Internet Mapping: Building web applications for researchers
Currently, there is an increase in demand for serving various types of spatially referenced data. Additionally, there is an increase in the number of options for displaying these types of data. In this session, we will discuss some of the options available for serving and displaying spatially referenced information. We will also talk about challenges in displaying geospatial locations and associated metadata on the internet. Specific topics may include: how to pick an appropriate software package, determining and analyzing various data source types (e.g. dynamic versus static), workflows for creating web services, and the extensive variety of tools a user may have access to.
In this session, we welcome input and discussion from those interested in internet mapping, regardless of experience. We encourage participation from data managers currently looking for ideas on how to create internet mapping products as well as more advanced programmers willing to share experiences and insight.
The format of this session will be as follows: Firstly, we expect to discuss and record shared experiences. Secondly, we will present demos of existing internet mapping tools, and explore existing services and current internet mapping options. Finally, we will discuss future applications of internet mapping within the context of ecological data management.
Session Length: This session will be two hours in length. 45 minutes will be spent discussing what internet mapping options are currently available, one hour be used to demonstrate internet mapping applications and the process for creating one using existing data sources, and 15 minutes will be spent looking towards the future of internet mapping. Participants are encouraged to submit examples prior to the session.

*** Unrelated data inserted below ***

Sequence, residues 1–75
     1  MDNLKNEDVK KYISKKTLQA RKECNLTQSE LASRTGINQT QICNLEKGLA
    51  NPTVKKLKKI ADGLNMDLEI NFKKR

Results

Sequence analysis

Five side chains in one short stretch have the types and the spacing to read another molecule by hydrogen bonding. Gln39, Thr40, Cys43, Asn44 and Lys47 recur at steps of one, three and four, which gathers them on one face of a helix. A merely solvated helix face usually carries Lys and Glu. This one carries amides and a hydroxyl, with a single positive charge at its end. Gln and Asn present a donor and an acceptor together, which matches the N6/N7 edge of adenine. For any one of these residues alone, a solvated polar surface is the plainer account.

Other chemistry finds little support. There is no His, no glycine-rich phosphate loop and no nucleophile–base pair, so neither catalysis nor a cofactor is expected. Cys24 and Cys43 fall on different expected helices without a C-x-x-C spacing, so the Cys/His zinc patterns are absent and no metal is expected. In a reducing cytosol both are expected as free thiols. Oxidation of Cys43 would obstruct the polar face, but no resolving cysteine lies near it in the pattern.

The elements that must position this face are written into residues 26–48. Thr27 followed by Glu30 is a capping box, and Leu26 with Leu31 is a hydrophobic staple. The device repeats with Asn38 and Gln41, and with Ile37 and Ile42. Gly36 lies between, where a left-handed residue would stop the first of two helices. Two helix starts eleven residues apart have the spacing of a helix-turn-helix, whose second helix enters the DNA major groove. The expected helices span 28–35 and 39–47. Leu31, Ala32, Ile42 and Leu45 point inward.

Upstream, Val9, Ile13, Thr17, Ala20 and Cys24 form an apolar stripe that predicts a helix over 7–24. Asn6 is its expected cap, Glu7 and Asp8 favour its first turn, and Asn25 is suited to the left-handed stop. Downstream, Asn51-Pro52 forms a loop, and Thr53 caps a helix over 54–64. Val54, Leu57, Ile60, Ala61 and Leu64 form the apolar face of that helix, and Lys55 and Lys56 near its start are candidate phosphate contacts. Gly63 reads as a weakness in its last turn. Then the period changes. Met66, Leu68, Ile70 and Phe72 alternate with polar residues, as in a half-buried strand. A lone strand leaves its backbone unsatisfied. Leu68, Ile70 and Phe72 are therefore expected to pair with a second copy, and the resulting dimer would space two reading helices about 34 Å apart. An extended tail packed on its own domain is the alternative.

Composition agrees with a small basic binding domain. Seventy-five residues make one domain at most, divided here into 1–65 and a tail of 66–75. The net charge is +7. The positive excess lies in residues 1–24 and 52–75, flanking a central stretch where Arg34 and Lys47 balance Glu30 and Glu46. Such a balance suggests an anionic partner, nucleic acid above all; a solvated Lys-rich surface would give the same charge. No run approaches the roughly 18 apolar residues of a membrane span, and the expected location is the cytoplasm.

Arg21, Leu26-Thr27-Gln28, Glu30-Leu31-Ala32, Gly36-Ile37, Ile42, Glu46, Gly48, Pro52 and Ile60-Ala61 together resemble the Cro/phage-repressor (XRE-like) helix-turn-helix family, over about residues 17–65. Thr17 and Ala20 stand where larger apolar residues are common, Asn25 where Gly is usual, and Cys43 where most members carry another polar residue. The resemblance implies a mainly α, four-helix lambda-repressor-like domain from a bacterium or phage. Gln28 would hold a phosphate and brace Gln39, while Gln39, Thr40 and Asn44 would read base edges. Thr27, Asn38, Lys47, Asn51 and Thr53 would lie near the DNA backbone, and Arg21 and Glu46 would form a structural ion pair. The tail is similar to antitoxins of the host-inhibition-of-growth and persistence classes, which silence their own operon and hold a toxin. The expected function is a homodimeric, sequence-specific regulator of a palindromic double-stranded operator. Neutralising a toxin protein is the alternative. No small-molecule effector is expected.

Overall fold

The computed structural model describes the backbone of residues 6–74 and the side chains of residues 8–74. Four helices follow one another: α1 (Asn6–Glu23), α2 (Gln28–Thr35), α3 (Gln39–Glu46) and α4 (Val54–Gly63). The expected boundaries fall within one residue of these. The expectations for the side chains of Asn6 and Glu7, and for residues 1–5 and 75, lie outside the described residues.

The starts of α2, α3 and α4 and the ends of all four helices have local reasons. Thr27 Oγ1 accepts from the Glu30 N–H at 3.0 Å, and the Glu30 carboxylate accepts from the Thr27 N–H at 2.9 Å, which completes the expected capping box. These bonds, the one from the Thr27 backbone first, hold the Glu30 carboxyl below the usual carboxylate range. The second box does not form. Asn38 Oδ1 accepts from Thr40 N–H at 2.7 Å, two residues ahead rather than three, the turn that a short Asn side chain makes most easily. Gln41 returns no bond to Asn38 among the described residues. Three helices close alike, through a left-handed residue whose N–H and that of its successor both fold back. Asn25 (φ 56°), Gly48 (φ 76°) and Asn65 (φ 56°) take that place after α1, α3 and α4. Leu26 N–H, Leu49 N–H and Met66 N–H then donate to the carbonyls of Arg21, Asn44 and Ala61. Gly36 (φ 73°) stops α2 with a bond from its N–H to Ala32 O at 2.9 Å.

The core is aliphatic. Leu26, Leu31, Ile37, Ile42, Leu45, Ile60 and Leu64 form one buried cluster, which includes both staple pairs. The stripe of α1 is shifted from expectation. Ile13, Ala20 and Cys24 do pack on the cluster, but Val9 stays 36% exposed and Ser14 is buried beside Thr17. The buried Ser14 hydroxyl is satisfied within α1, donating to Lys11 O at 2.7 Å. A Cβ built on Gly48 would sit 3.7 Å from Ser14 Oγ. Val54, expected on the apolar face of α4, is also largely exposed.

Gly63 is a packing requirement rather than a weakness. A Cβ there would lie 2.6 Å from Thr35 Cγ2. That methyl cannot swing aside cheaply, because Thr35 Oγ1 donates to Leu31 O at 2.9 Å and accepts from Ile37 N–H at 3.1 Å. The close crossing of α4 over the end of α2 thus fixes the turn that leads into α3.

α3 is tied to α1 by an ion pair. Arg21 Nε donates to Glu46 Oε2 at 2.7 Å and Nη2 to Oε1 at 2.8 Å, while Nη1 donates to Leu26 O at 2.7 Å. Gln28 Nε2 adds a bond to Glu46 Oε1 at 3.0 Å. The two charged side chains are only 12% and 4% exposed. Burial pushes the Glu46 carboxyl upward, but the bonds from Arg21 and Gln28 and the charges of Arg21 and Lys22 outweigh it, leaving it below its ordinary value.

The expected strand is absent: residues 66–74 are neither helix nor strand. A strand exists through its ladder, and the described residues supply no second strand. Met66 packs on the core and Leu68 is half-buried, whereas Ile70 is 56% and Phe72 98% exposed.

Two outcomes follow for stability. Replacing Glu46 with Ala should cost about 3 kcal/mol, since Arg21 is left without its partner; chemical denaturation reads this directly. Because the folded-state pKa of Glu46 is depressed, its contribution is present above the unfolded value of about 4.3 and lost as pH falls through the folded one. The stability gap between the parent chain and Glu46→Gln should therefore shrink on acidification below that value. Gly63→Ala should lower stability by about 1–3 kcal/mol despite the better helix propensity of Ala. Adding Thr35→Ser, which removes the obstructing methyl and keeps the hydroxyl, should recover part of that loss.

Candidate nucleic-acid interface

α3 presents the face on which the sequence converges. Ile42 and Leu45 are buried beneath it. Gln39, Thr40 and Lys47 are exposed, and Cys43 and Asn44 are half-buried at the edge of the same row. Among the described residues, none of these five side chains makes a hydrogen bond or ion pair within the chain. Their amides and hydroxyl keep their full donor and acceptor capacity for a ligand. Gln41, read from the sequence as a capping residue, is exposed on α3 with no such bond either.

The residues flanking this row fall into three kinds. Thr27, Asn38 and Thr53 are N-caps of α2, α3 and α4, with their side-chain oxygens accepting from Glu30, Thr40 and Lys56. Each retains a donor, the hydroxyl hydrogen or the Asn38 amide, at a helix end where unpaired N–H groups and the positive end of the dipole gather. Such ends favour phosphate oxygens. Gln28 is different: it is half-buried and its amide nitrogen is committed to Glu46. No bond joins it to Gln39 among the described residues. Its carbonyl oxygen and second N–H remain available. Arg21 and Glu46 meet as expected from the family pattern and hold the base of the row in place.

Mapping servers: Arc, mapserver, geoserver
Mostly local data used
Lots of progress lately towards mobile geodata consuming
• GEONIS: http://geonis.lternet.edu/
◦ visualize data from LTER (long term ecological research) sites and provide web services
◦ tools used to build GEONIS: https://github.com/rbeloin/pasta2geonis
• DEEPWAVE: http://catalog.eol.ucar.edu/deepwave
◦ Displaying images and KML layers
◦ Imagery has dates that they are vaild for
◦ has mobile view
• GIBS: http://earthdata.nasa.gov/gibs
◦ https://earthdata.nasa.gov/labs/worldview/ - also on github (opensource)
◦ encouraging other users to use their services
◦ Uses a tile caching server (apache plugin) with an optimised storage container
• Arcgis flex: http://resources.arcgis.com/en/communities/flex-viewer/
◦ build a tool with little effort
◦ Example: http://www.vcrlter.virginia.edu/mapserver/VCRLTER_Sites/
• GRASS GIS: http://grass.osgeo.org/
• How are people showing profile data (beyond 2D mapping) ?
◦ deepwave does this
◦ GRASS GIS does this also
• Opensource issues?
◦ There are too many options to pick from
• Tile Servers?
◦ Provide caching for performance
◦ The trade offs (disk space and management) are worth it for GIBS.
• Google Map engine work?
◦ They have a limited number of requests per month before you have to pay
▪ http://earthexplorer.usgs.gov/ - paid for use from google
• Issues with google earth:
◦ doesn’t support Linux
◦ requires software to be downloaded and installed
• Citizen Science use of maps online?
◦ Blurring responses - accuracy issues?
• Styles for Vector data
◦ Rasterization in addition to vector layers
◦ Use a Standardized symbology
• Arcgis online for organizations
**Notes posted by Kyle Nelson, ESIP Student Fellow. Notes taken by Ryan Raun (@RyanRaub). Thanks Ryan!